The Nigerian government says it has agreed a ceasefire with the Islamist militant group Boko Haram and is negotiating for the release of 219 schoolgirls kidnapped six months ago.The deal would mark a huge breakthrough after a five-year insurgency by extremists seeking to create an Islamic state in the north of Africa’s most populous country. It has left thousands dead and a worldwide outcry was prompted when the girls were abducted in April from the north-eastern town of Chibok.Members of the Bring Back Our Girls campaign tweeted: “We are monitoring the news with huge expectations.”But questions surrounded the purported agreement on Friday. Similar claims from the government and military have failed to bear fruit. The Nigerian president, Goodluck Jonathan, is expected to declare that he is standing for re-election, and positive news about the hostages and insurgency could deflect criticism of his handling of the crisis.Mike Omeri, a government spokesman, told a press conference in the capital, Abuja: “Already, the terrorists have announced a ceasefire in furtherance of their desire for peace. In this regard, the government of Nigeria has, in similar vein, declared a ceasefire.”Omeri claimed that there had been direct negotiations this week about the release of the missing girls. Boko Haram negotiators “assured that the schoolgirls and all other people in their captivity are all alive and well”, he said.The truce was announced on Friday by Nigeria’s chief of defence staff, Air Marshal Alex Badeh, who ordered his troops to comply immediately with the agreement. Boko Haram has not made a public statement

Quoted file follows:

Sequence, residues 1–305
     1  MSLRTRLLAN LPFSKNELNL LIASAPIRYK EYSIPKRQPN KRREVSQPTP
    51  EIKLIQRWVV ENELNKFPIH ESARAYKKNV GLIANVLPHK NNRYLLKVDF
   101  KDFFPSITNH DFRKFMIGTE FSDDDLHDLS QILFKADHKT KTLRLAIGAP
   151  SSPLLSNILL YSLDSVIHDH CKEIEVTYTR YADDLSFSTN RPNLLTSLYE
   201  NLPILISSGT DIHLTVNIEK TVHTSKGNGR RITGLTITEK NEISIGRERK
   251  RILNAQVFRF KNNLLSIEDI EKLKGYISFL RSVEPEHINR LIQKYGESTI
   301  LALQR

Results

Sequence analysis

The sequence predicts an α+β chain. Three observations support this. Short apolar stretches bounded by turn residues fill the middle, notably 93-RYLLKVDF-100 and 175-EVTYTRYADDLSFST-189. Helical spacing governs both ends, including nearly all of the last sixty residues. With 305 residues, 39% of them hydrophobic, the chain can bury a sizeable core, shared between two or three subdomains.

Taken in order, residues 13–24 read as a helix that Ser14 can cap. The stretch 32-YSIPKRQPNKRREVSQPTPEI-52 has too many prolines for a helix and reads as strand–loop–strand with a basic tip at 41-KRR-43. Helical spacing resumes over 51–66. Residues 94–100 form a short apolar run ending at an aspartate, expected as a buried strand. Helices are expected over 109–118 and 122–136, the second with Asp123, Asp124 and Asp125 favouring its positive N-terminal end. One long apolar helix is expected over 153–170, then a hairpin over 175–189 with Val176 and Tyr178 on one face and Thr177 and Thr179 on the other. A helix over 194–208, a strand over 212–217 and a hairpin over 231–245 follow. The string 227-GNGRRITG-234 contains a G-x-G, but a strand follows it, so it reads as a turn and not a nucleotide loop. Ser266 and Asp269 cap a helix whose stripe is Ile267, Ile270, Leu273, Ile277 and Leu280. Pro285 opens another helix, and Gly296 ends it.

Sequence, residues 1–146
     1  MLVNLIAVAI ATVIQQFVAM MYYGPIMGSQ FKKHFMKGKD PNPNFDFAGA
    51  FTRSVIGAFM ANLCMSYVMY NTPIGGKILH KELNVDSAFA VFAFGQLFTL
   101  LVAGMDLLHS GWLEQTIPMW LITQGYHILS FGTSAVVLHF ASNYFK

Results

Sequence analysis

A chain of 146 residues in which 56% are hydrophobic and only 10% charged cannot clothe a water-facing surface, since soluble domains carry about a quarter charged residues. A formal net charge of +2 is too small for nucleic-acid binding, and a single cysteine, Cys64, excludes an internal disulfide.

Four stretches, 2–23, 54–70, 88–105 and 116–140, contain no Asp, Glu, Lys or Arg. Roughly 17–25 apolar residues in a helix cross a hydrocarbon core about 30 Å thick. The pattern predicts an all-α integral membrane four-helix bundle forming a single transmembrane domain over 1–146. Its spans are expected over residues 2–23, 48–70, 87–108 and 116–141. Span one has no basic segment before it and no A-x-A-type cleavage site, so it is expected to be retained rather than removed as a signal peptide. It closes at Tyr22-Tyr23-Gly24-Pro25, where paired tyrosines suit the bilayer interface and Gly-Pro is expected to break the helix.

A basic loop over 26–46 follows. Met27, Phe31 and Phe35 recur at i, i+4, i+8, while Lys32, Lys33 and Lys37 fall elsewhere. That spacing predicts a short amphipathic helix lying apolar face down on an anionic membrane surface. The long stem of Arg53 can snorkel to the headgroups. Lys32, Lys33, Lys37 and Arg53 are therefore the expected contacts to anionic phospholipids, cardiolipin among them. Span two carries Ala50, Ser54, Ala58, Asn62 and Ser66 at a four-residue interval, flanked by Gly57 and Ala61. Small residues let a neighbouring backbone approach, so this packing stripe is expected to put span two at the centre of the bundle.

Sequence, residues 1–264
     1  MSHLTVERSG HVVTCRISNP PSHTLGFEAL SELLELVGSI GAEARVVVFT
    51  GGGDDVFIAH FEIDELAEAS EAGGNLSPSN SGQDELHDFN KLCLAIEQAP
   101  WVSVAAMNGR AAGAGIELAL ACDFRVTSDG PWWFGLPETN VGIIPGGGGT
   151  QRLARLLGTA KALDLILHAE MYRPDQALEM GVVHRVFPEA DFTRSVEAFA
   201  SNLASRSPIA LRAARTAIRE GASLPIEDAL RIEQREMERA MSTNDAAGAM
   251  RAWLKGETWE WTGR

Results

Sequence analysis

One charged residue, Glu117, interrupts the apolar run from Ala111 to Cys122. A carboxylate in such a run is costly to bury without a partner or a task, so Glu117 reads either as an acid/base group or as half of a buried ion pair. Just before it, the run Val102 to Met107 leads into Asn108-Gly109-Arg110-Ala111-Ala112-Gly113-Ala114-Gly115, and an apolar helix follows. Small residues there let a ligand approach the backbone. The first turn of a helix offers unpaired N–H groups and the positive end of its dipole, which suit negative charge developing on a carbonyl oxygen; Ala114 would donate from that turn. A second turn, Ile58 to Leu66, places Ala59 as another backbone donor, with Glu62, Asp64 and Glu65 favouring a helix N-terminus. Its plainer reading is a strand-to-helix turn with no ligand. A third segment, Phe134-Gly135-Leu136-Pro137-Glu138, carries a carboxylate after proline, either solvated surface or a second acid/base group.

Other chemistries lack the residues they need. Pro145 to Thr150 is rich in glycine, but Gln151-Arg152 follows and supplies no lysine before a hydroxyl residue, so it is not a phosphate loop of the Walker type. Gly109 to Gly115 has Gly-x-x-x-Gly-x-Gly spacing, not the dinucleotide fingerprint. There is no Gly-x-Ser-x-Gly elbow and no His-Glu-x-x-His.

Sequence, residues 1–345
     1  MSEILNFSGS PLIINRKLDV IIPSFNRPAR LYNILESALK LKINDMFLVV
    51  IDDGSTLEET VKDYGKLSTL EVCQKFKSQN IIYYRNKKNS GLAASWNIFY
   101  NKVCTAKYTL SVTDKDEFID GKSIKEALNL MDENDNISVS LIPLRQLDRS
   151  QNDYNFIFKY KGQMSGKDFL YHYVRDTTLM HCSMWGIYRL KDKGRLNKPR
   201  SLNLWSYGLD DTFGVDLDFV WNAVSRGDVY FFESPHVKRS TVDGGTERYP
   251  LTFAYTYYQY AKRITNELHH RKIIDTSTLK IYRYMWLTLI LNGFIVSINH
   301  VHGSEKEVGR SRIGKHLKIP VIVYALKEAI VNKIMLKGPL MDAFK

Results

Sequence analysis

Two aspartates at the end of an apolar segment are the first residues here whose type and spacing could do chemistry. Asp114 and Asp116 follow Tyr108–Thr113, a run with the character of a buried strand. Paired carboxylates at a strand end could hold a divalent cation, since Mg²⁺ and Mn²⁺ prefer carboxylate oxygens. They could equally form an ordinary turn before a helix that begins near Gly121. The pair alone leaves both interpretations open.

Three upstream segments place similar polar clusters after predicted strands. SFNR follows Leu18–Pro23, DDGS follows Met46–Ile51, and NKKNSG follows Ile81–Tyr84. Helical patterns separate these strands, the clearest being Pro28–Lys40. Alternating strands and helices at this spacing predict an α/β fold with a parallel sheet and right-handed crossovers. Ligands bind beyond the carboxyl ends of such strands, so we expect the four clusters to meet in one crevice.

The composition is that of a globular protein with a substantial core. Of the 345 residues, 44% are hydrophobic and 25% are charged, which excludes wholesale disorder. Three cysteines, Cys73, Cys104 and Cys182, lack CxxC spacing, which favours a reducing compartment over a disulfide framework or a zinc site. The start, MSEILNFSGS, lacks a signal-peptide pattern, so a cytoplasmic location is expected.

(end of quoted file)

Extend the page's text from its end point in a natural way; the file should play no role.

via Nigeria: hopes for return of kidnapped schoolgirls rise after ceasefire reported | World news | The Guardian.